Writing about bikes for 20 years. Published in dozens of titles on five continents. Mildly obsessed with discovering how things work.
Honda’s CRF450R was among the vanguard of the four-stroke motocross revolution at its launch back in 2002 and 19 years on a ground-up redesign takes the CRF into its seventh generation.
The 2021 bike’s improvements start with a 2kg weight loss courtesy of a new frame, swingarm and subframe, which are also claimed to improve the bike’s ‘rigidity balance’. The alloy chassis has narrowed main rails, mirrored in the slimmer swingarm, and alone saves 700g compared to the old model. The subframe cuts another 320g off the bike’s mass. While no more flexible in terms of twist, the revamp makes the frame 20% less rigid in lateral flex – a move claimed to improve corner speed, steering and traction. It’s geometry has also changed, with a steeper rake and less trail (27.1°/114mm, down from 27.4°/116mm), and 8mm more ground clearance at 336mm. Dry, the whole bike comes it at a mere 105.8kg.
Both the 49mm Showa forks and the matching rear shock have been revalved, while the rear spring uses lighter steel to cut 200g from its weight.
A shorter, lighter and 10mm lower seat is used, attached with fewer bolts to make maintenance easier, while the whole biker’s body is a full 7cm narrower than the old version.
As you’d expect from a full-on competition bike, there are exotic materials to be found including a titanium fuel tank – redesigned for the 2021 model – and big-name brand components including Renthal bars and DID aluminium rims.
Engine-wise, the bike gets fractionally more power (up by 0.8bhp) thanks to a significantly larger air box and redesigned, 46mm throttle body. A repositioned fuel injector improves efficiency and throttle response while the decompression system is also redesigned.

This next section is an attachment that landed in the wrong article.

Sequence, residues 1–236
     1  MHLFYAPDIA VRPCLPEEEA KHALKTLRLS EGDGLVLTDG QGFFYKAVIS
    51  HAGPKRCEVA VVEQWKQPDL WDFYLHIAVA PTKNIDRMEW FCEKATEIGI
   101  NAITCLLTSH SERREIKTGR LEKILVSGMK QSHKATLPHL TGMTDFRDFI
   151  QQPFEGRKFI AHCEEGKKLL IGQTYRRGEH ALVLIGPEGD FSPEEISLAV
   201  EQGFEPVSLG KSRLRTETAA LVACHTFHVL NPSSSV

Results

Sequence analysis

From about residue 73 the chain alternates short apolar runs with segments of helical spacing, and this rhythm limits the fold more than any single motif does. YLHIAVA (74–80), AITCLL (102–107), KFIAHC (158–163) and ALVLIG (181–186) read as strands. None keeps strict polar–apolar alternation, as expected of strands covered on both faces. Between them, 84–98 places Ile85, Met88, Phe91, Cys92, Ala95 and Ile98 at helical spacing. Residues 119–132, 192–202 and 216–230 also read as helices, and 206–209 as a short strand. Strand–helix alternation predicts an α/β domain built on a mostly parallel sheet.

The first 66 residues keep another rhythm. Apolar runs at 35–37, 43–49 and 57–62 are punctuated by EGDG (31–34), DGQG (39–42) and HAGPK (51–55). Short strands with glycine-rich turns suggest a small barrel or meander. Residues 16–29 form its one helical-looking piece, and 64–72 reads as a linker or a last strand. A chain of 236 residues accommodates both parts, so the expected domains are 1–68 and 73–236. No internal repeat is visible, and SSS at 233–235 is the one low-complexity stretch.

New oval exhaust ports – an idea shared with the CBR1000RR-R Fireblade – further improve efficiency, and feed into a single downpipe and end can, replacing the 2-1-2 system of the old model and saving more weight. A hydraulic clutch replaces the old cable-operated one for a lighter lever feel and more consistent behaviour.
The cross-country CRF450RX has been given most of the same changes as its motocross sibling, including the frame, subframe and suspension updates – albeit with different damping and spring rates – as well as the same bodywork, engine and exhaust revisions.
Overall, it enjoys even greater weight savings, losing 2.3kg for a dry weight of 107.6kg.
Yamaha’s 2021 YZ250F and 450F
Honda’s unveiling is the latest in a string of 2021 off-road bike unveilings, following Yamaha, Kawasaki and KTM.
Yamaha’s 2021 motocross range includes an updated YZ250F with a redesigned version of its unusual reverse-head four-stroke single. New exhaust cam profiles, an improved intake system and updated muffler give a wider power band, while the transmission tweaks give smoother shifts.
The YZ250F also gets an updated frame with ‘fine-tuned’ rigidity levels, combined with revised suspension front and rear and a new braking system.
Yamaha’s larger YZ450F, which was given a complete revamp for 2020, gets little more than revised graphics for 2021.
Kawasaki has also concentrated on its 250 for 2021, with changes to the KX250 including a 1.4hp power increase thanks to a 350rpm higher rev ceiling, and the welcome addition of an electric starter and hydraulic clutch. The engine changes also include revised cams, new valve springs, a tweaked combustion chamber, longer con rods and changes to the crankshaft.
The KX250’s frame is also revised, with the usual mantra of ‘a better overall rigidity balance’ as its target. Much of the chassis is shared with the larger KX450. Suspension changes include revised shock linkages and new settings, while the brakes are also revised with a KX450 front master cylinder and a new rear disc.
Like Yamaha’ Kawasaki has left its 450-class machine largely untouched for 2021. The KX450 gets little more than minor revisions to the clutch construction and a new piston skirt coating to reduce friction, while a 28.6mm Renthal Farbar is now standard. The 2021 KX models are on sale in late August at £7799 for the 450 and £7499 for the 250.
Kawasaki’s 2021 KX250 and 450
KTM was the first of the big players to unveil its 2021 off-road models, back in June, with tweaks across the SX range of motocross machines.
The 450SX-F gets changes to its piston and crankshaft, new rocker arms and revised engine cases. Along with the 350SX-F and 250SX-F, it can also access the ‘myKTM’ app via an optional connectivity kit, allowing on-the-fly adjustments and the ability to save preferences.
The firm’s 2-stroke range changes include a new piston and clutch for the 125SX and 150SX models.